Should I repair and sell or scrap/donate my old car?
January 14, 2016 7:56 AM   Subscribe

I have a 2002 Ford Taurus station wagon with 170,000 miles. The other day the starter died, and it should cost anywhere from 200-300 dollars to fix it. If I scrap it, I'll get 100 bucks. Should I take it to a mechanic, have them repair it, then sell it? Or donate it?

Basically I want to get rid of this thing. Will I get substantially more money if I fix it to the point where it runs, or should I just scrap or donate it for about 100 bucks?
posted by MisantropicPainforest to Work & Money (9 answers total)
 
The KBB value on this is around $1200 if you sell it to a private party or around $550 if you trade it into a dealer.

Clearly fixing the starter might be a good investment if you think you can sell it.

If you just want the thing off your hands ASAP, scrap it and walk away, but for about a grand, I might be inclined to put a bit of work into it.

Ask your mechanic if he'd be interested in buying it. You never know.
posted by Ruthless Bunny at 8:11 AM on January 14, 2016 [1 favorite]


Maybe call your local junkyard and see if they have a dead Taurus that you could pull a starter from, to save some money?

A car that starts and runs, even with Problems, is always worth $500 to the right person. Throw up an ad on craigslist titled 'cheap car runs needs a starter 800$' and see if you get any bites.

You'll have to deal with people. It isn't as easy as having someone show up with a checkbook and a tow truck to scrap it. But you'll get bites and from there you can determine if the added hassle is worth 500$.
posted by enfa at 8:40 AM on January 14, 2016


170,000 miles isn't too bad, really. If you need a car, and this one is serving you well, I see no reason not to drop a new starter in it and keep driving. I've done that to all my cars and haven't regretted it in the least. A properly maintained car can last an amazingly long time, even American models.
posted by Thorzdad at 8:47 AM on January 14, 2016 [1 favorite]


Starter is a pretty simple shade-tree fix. Put up an honest ad on craigslist, detailing known problems with the car and stating that it ran before starter went out. See if somebody will give you $600 for it. They put in a $75 starter and an hour of their time and get a $1200 car, you get $600, which is $500 more than you expected. Win-win.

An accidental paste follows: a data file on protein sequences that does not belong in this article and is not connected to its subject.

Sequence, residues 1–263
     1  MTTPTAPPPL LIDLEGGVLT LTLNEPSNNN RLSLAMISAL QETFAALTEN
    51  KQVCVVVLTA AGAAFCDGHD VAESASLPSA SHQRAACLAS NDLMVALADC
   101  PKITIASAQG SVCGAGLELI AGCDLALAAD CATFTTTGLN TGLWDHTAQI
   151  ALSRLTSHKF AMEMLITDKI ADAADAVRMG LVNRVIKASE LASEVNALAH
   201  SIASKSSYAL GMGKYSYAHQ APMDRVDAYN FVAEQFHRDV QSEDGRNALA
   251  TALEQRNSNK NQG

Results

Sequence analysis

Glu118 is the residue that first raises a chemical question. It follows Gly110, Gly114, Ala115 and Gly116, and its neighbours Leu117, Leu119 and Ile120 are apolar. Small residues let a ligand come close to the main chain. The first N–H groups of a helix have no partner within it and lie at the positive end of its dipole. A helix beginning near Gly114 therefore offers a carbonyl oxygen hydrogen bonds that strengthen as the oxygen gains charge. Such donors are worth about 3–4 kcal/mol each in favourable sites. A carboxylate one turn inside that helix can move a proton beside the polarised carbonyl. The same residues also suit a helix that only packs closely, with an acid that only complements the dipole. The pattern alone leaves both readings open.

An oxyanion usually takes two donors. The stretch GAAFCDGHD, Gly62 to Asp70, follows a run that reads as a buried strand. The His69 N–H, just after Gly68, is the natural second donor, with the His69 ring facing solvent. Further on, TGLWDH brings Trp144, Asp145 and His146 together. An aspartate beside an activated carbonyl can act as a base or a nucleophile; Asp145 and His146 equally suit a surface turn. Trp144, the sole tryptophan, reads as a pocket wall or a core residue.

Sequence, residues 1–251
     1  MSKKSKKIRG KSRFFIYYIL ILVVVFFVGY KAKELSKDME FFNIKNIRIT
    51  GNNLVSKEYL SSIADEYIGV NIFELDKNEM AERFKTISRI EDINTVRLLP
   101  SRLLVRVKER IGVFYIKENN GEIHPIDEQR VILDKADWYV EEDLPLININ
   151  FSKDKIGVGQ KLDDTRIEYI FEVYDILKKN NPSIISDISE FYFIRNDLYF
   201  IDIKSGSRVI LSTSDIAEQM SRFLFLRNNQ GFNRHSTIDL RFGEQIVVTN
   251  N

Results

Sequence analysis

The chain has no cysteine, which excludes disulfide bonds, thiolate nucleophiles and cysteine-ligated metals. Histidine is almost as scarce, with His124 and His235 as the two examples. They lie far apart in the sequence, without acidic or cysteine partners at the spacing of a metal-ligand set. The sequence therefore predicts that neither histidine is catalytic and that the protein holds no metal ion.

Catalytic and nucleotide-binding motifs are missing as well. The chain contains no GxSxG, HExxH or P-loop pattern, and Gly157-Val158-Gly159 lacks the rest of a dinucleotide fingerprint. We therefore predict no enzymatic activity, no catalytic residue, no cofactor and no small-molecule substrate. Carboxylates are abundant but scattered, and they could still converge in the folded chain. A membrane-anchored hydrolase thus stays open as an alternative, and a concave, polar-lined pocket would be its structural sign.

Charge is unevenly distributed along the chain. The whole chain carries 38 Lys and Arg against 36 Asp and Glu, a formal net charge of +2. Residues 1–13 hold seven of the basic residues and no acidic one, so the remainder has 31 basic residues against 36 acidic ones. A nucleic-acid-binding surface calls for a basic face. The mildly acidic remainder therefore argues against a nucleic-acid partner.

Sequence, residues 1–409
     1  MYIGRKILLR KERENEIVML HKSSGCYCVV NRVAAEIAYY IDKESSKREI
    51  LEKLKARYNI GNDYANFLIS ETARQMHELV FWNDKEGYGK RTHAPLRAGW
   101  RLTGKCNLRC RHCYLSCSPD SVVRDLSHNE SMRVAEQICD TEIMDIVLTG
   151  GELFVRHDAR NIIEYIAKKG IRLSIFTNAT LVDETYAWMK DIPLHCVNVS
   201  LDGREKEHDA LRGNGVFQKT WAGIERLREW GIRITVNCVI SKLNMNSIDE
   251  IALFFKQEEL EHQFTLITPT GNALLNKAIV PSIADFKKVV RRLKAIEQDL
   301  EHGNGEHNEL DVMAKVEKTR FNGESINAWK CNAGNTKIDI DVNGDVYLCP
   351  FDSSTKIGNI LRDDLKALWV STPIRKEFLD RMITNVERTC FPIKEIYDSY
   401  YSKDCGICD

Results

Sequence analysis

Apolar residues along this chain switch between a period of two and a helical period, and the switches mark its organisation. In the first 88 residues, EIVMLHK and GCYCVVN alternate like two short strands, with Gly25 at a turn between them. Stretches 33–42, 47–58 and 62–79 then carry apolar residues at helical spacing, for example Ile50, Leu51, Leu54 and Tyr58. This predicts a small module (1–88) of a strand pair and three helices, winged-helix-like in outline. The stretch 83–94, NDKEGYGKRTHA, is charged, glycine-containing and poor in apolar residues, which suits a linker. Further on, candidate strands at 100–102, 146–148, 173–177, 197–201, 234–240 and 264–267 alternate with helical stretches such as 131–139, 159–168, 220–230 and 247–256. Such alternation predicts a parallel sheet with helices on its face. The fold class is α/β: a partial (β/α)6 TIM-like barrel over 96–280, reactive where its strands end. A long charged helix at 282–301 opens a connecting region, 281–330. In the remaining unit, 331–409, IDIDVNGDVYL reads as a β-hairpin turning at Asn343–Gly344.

posted by cosmicbandito at 9:40 AM on January 14, 2016


I had a Taurus (90's) that went over 250K. That thing was a beast and it met its final demise in a wreck, not a mechanical problem. If your transmission is fine and the engine isn't leaking like crazy or some other $$$$ problem, I'd replace the starter and keep going. Once you've paid off a car and are just doing basic maintenance, that is money in the bank. I'm firmly in the run it into the ground camp when it comes to cars.

The most critical part of this equation for me is having a mechanic I trust. I've found great mechanics through the Car Talk database. Find someone who has the experience to tell you when to say goodbye.
posted by quince at 1:30 PM on January 14, 2016


We need a reliable car and the Taurus isn't it. Three times this year it hasn't started when we need it to. I've put it up on craiglist and I'll see what I can get. Thanks!
posted by MisantropicPainforest at 4:03 PM on January 14, 2016


We need a reliable car and the Taurus isn't it. Three times this year it hasn't started when we need it to.
Not to be that guy, but wouldn't that be because of the, uh, starter? ;)

Kidding aside, if you want to sell it, fix the starter than flip it on Craigslist or take it to CarMax. CarMax will buy literally anything, so you have at least a guaranteed sale there.

(Oh, and KBB is kinda crap for estimating value. NADA is a lot closer to what dealers will use. If you want to know market values to price out something for private sale, CarGurus sale data is useful too.)

NADA lists a 1997 Taurus Wagon GL with 178,000 and no options as having a clean trade value of $875, and a clean retail at $2,150. So personally I'd fix the starter myself (parts should run about $100 or less for a junkyard pull), then put it on Craigslist for $2,000 OBO and take the first cash offer at or above $1,000.
posted by -1 at 4:46 PM on January 14, 2016


NADA lists a 1997 Taurus Wagon GL with 178,000 and no options as having a clean trade value of $875, and a clean retail at $2,150. So personally I'd fix the starter myself (parts should run about $100 or less for a junkyard pull), then put it on Craigslist for $2,000 OBO and take the first cash offer at or above $1,000.
So I'm an idiot... I don't know why I thought it was a '97. Reading comprehension is apparently not high on my skill list today.

A 2002 Taurus Wagon SE with 170,000 miles and no options has a NADA clean retail of $3,325 and a clean trade of $1,750.

So I'd *definitely* fix it! I'd target a Craigslist sale of $1500 or better.
posted by -1 at 6:47 PM on January 14, 2016


Not to be that guy, but wouldn't that be because of the, uh, starter? ;)

Nope! First it was the battery, then then something that made it misfire, then the starter.

Update: I got it starting, so its definately in need of a new starter: I banged the existing one with a hammer, and boom.

How difficult is it to replace a starter?
posted by MisantropicPainforest at 3:12 PM on January 15, 2016


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